Teaching Gunhate

An artist’s manifesto for protecting her grandsons.

aylonI’ve noticed that as soon as a precious newborn baby boy is old enough to play games — maybe when he’s two or three — he might pick up a fork or a stick and point it at anyone (even his own grandma) and say “Bang-Bang you’re dead!”

So when my little grandson was excitedly tearing at the gift-wrapped present at his four-year-old birthday party and, lo and behold, there was his first gift — a shiny “toy” gun that, damn it, looked just like a real gun — I let out a shriek. 

The noisy merriment became stone silence. 

Mazal Tov. I sure got their attention. I then held my nose, like the gun was smelly, and retched like I was about to throw up. I didn’t care if the giver of this gift (who happened to be his well-meaning babysitter) was insulted; I’d beg for her forgiveness later, but now was the crucial time to make my point. 

Well, get this: The next time I visited, that little angel said, “Nana, I hid the gun in my drawer so you won’t see it, because you don’t like guns.” 

“Oh, what a good idea you had, Honey. And you’re right; Nana hates guns. And so do a lot of people.”

The kids catch on. When my first grandbaby lived near Central Park, I’d wheel him humming happily until we would pass a statue of some pompous general with a rifle or some “patriotic” soldier with a gun. One Sunday, as we passed the statue of the Pilgrim Fathers, I blurted out this question: Where are the Pilgrim Mommies? This brought an anxious frown to the darling’s sweet face like he was about to cry. “Besides,” I continued, “The Pilgrim fathers are wearing high socks. So who washed their socks if the mommies weren’t there?”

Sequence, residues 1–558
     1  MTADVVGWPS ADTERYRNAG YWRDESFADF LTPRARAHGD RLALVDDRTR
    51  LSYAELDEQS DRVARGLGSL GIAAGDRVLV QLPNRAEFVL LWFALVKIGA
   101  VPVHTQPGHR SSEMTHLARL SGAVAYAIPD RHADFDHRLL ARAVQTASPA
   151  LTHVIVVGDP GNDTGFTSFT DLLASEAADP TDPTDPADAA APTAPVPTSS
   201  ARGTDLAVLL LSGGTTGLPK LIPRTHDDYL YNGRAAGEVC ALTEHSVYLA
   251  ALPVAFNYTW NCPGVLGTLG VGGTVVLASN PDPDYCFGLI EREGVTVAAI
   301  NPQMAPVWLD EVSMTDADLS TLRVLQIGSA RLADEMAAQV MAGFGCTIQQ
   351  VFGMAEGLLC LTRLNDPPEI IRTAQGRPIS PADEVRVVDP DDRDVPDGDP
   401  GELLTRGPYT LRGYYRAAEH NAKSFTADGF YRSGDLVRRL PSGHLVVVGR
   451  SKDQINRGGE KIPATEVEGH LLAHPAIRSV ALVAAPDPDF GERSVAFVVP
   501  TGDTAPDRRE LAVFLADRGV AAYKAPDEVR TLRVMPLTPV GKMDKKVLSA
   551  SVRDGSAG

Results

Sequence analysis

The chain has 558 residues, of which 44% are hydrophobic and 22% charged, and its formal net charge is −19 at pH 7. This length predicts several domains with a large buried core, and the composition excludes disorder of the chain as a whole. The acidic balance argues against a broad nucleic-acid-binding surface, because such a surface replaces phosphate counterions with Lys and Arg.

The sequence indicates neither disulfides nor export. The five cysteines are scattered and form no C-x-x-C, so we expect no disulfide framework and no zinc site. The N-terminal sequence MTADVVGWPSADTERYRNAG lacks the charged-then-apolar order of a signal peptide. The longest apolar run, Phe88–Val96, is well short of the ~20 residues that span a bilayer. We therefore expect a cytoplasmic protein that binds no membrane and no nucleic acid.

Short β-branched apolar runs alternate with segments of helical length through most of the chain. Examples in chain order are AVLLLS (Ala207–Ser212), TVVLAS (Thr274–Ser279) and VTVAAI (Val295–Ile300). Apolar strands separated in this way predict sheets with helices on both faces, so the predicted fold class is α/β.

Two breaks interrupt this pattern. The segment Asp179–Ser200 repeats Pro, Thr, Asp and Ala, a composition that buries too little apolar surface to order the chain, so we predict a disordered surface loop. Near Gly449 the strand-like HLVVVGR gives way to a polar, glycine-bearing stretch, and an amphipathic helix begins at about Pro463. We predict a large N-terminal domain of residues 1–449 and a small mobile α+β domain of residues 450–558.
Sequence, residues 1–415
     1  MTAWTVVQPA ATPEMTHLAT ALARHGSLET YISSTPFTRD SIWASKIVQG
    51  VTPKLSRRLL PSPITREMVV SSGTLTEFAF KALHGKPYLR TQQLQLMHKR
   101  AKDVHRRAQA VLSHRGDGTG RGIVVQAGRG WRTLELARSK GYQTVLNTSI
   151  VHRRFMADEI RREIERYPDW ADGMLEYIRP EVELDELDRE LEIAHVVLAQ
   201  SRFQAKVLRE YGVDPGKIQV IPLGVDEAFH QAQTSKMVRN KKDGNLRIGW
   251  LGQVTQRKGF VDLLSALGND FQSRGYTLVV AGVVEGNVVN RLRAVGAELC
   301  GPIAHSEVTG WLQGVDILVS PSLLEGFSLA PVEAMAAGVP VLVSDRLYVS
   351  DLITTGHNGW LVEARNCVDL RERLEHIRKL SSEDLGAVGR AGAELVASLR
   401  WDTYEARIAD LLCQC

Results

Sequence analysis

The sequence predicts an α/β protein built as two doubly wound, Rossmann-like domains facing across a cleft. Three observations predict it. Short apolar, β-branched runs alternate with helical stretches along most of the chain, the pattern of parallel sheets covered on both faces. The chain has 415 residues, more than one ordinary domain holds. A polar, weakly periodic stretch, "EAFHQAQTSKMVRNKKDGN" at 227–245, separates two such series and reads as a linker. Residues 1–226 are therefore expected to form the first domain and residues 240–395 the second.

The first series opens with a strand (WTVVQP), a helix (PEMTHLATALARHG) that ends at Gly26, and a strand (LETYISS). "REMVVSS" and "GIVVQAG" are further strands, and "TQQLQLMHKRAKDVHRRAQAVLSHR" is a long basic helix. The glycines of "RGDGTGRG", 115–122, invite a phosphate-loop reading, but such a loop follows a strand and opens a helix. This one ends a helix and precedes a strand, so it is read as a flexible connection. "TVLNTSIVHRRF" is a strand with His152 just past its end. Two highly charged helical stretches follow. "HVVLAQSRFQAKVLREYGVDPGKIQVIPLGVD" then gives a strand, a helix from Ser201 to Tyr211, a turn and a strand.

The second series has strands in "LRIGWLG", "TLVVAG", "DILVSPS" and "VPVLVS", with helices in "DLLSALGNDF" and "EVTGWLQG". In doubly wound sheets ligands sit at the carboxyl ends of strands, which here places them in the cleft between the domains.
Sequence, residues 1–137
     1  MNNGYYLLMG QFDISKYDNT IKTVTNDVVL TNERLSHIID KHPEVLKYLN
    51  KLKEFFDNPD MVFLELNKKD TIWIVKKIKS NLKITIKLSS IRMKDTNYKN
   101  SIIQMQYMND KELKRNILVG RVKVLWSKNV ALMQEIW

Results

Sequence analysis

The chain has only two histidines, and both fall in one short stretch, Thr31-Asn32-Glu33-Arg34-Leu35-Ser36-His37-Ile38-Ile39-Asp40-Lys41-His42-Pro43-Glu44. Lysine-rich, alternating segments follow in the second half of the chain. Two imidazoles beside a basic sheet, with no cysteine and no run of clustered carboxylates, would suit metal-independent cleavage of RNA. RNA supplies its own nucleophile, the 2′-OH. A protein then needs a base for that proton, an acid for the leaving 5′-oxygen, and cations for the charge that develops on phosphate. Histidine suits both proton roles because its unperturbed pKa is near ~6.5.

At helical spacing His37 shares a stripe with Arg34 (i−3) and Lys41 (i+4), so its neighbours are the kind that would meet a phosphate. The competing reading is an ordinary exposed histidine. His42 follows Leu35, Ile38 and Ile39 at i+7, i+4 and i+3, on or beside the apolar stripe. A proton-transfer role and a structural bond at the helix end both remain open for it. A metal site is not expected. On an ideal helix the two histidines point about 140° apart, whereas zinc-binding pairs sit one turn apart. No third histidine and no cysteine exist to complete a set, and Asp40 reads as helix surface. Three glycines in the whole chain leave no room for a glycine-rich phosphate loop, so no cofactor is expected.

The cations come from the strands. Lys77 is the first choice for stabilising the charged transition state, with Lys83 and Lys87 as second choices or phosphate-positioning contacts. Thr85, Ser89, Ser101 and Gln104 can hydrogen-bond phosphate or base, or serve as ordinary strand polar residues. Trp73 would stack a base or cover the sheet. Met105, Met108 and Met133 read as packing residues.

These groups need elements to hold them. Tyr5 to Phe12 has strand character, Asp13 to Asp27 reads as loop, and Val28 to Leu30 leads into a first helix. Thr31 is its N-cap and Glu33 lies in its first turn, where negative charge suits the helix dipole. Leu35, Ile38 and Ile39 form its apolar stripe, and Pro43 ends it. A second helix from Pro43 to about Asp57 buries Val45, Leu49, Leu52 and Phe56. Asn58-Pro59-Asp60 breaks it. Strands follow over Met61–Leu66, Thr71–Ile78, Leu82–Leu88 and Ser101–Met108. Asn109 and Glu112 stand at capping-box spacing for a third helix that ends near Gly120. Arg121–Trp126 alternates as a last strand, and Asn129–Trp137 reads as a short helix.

(Reader, if you think a toddler is too young to hear these laments, remember that Superman could get to their pure minds first.)

When we walked out of the park on 71st Street and Fifth Avenue, there was a big statue of four soldiers about to collapse. I said, “Look, Sweetie. They’re all dirty and they’re falling down. They must have been fighting in the mud. What should they
do now?”

(Reader, do you want to hear the brilliant answer from a two year old?)

I swear it is true — on video if you need proof — this cutie pie said what we all said: “They should go home!!”

Fast forward to another statue that I was compelled to point out to my teenage grandson, a statue in Princeton made by the late sculptor George Segal. Kent State had commissioned the work by Segal to honor the three Kent State students shot in the Civil Rights protests. However, after Segal completed the work, Kent State rejected it. It has been titled “Abraham and Isaac,” alluding to elders (such as the biblical Abraham) who would send the young (his own son, Isaac) to be killed because a god (like a president) suggested this sacrifice as a sign of loyalty (patriotism).

Princeton University took this work after Kent State rejected it.

I asked my grandson to take a photo of me with the work. Then I mounted the pedestal and stood between Abraham’s knife and Isaac. I put my arms around poor Isaac. Luckily, the Princeton students walking by did not pay any attention to this old lady on a pedestal as they scurried to their classes. But my teenager knew where I stood. He also knew where I would stand if he would be called by the draft.  

Helène Aylon is a visual, conceptual, installation performance artist and eco-feminist whose art has often focused on “rescuing.”  Her memoir, Whatever Is Contained Must Be Released: My Jewish Orthodox Girlhood, My Life as a Feminist Artist was published by the Feminist Press in 2012.